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Gains Across Product Range 'Lock in' Cobb Trade Mark Advantages

by 5m Editor
1 February 2010, at 12:00am

In this interview with Roger Ranson, Dr John Hardiman, Cobb vice president – research and development for the past 24 years, talks about genetic progress with Cobb products and about the impact genomics is beginning to make. It is published in the latest issue of Cobb Focus.


Dr John Hardiman, Cobb vice president – research and development for the past 24 years, takes on a new role as chief scientific officer.

John, let’s start looking at the individual breeds. During your time with the company, the Cobb500 has become the world’s top selling single broiler breeder. Why do you think it’s become so successful?

Genetically, I think that part of this success can be attributed to our concentration on improving efficiency and bird uniformity in a modern high yielding broiler. For example, today’s Cobb broiler is 0.40 better in feed conversion, two pounds (0.9kg) heavier at the same age and six per cent higher in breast meat yield than just 20 years ago. But without continued investment in our Cobb research and production facilities, and without our technical and sales support, this success wouldn’t have been possible.

Customers see the results of your work many years after you’ve made decisions about breeding? So what are the gains they’ll be seeing over the next few years?

I believe that over the next decade, our customers will see improvements in both economic and welfare traits. Over the next five years, the Cobb500 will improve in egg production, hatchability, bodyweight, breast meat yield, feed conversion and liveability – up to five eggs more, one per cent hatch, half a pound (230g) in weight, two per cent yield, 0.15 feed conversion and one per cent livability. Our customers will see similar improvements in our other Cobb products to a greater or lesser degree.

We have maintained good genetic variation for each of these traits in our pedigree lines, and new selection technologies will allow us to select more accurately and make faster progress in improving the core pedigree as well as new experimental lines. Our goal has always been to be the leader in new selection technology and we develop a new selection tool about every two years. But we wouldn’t advertise all our new selection technologies given the need to protect some of our research advances.


Today’s Cobb500 is the result of more than 20 years’ research led by John Hardiman

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"Our goal has always been to be the leader in new selection technology and we develop a new selection tool about every two years."

We used to think that the Cobb500 was the breed for all markets, but more recently we’ve seen the Cobb portfolio widen and new lines introduced. How much of the world market will continue to look toward the Cobb500 in the years ahead?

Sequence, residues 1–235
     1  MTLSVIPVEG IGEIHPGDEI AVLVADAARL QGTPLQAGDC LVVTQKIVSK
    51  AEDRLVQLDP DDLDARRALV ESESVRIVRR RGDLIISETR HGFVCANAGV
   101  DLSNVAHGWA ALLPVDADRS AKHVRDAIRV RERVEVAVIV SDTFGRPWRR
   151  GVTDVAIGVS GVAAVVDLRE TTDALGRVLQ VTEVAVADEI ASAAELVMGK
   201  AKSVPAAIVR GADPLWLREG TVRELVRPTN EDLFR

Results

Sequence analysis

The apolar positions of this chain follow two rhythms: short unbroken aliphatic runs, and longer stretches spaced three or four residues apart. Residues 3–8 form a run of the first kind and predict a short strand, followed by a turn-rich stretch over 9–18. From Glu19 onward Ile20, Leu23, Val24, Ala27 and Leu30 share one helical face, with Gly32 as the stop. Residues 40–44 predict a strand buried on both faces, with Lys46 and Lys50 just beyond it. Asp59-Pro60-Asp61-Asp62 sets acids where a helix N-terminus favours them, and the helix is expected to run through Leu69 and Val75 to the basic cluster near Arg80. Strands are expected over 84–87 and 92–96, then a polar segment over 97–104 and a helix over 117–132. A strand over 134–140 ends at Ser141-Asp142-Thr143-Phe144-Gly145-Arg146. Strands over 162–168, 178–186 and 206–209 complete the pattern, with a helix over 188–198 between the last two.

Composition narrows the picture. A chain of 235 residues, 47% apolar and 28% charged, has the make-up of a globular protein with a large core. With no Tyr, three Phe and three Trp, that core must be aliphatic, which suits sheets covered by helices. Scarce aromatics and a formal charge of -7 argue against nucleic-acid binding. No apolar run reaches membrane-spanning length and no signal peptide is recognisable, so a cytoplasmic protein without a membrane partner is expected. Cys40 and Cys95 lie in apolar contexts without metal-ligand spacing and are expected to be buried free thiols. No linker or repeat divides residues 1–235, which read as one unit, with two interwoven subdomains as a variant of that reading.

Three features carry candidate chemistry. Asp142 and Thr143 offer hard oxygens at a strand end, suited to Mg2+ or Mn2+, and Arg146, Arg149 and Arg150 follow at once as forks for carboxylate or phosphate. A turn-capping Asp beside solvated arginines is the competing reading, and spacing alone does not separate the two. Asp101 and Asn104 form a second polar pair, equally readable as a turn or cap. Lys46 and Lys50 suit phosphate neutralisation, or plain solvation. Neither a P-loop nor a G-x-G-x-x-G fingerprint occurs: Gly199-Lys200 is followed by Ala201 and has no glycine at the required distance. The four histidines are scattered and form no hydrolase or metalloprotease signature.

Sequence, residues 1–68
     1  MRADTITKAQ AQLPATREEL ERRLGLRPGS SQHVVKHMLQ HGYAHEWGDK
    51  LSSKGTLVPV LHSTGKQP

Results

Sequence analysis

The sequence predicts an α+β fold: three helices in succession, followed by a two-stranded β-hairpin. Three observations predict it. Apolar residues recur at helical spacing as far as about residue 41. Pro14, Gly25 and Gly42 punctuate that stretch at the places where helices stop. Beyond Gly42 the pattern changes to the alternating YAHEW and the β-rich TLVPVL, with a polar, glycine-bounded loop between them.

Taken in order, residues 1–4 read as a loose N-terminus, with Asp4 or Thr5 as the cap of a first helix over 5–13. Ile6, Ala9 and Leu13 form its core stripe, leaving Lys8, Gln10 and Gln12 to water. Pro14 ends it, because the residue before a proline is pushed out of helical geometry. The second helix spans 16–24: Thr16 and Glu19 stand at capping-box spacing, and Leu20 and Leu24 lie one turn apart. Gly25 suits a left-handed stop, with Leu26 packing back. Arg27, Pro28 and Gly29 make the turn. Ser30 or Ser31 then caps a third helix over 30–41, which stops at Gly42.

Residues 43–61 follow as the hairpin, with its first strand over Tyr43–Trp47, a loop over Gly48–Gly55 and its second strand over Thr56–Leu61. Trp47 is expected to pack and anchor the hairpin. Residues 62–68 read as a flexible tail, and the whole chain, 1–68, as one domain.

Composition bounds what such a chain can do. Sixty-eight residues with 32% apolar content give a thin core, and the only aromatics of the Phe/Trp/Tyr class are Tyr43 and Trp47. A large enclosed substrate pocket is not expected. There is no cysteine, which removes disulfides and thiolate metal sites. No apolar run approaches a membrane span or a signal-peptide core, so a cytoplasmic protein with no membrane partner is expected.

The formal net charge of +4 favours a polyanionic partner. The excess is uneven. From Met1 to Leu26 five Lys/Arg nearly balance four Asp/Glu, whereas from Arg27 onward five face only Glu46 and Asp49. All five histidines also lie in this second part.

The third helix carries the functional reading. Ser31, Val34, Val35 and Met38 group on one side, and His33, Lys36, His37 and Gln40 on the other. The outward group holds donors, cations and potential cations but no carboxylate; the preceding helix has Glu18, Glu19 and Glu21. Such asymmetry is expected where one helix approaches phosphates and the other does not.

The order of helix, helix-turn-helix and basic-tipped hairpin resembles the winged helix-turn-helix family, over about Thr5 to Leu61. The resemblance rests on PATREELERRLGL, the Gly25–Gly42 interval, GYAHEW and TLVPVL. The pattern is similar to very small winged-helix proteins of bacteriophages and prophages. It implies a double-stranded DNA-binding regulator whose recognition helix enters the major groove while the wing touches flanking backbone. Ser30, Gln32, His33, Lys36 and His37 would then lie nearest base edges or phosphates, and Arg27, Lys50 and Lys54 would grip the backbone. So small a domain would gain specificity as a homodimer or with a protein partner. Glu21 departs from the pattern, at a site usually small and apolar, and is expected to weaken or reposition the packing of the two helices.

Distinct segments have emerged in the world market as companies provide different products for their valued customers and as demand increases for products like further processed, convenience food. We recognise about four segments with the largest focused on cost and efficiency, brought about in large part by good feed conversion. This segment is well served by the Cobb500 and is still a majority of the total market. The move to high yield, deboned products is predicted to progress slowly, adding to the high yield segment, while more developing markets want better broiler and cost performance which is adding to the efficiency segment and potential Cobb500 sales.

The major launch in recent years has been the Cobb700 with its higher meat yield. How different is this product from the Cobb500 today?

The Cobb700 was developed to help meet the needs of the large bird/high yield market where very high deboned breast meat yields are critical. The Cobb700 will produce at least one per cent higher yields than the already high yielding Cobb500 and with similar feed conversion. The Cobb700 grows slightly more slowly which helps liveability at higher weights. It lays fewer eggs than the Cobb500 but this difference is more than compensated by the additional breast meat.

What improvements can we expect to see in the Cobb700 over the next few years?

The major difference in genetic performance will be in breast meat yield which will increase the difference between the Cobb500 and the Cobb700 to two per cent or more. Broiler liveability should also improve by about one per cent while egg production in the parent will continue to increase by almost an egg per year.


Lixiscope leg joint analysis

Then there is the CobbAvian48 where a balance between good breeder and competitive broiler performance brings benefits for the live, whole bird and parts market. How are you developing this breed to capture perhaps a bigger market share?

Genetic improvements in the CobbAvian48 will essentially be identical to those of the Cobb500 with the exception of egg production and breast meat yield. Over the next five years, egg production in the CobbAvian48 will improve by slightly more than five eggs, with breast meat yield improving.....about 1.5 per cent higher. The emphasis therefore is on producing a very competitive broiler with higher egg production and chick numbers that the Cobb500.

We’re looking to overall five-year genetic improvements similar to Cobb500 – at about 15 points on feed conversion, with weight goals and feed conversion improvements nearly identical. If you’re using CobbAvian48 and worried it won’t keep pace with the Cobb500, that won’t be the case. All these programmes lock in the Cobb ‘trade mark’ of good growth and great feed conversion, then we put more selection pressure on either the eggs or yield. Our customers wouldn’t tolerate anything else!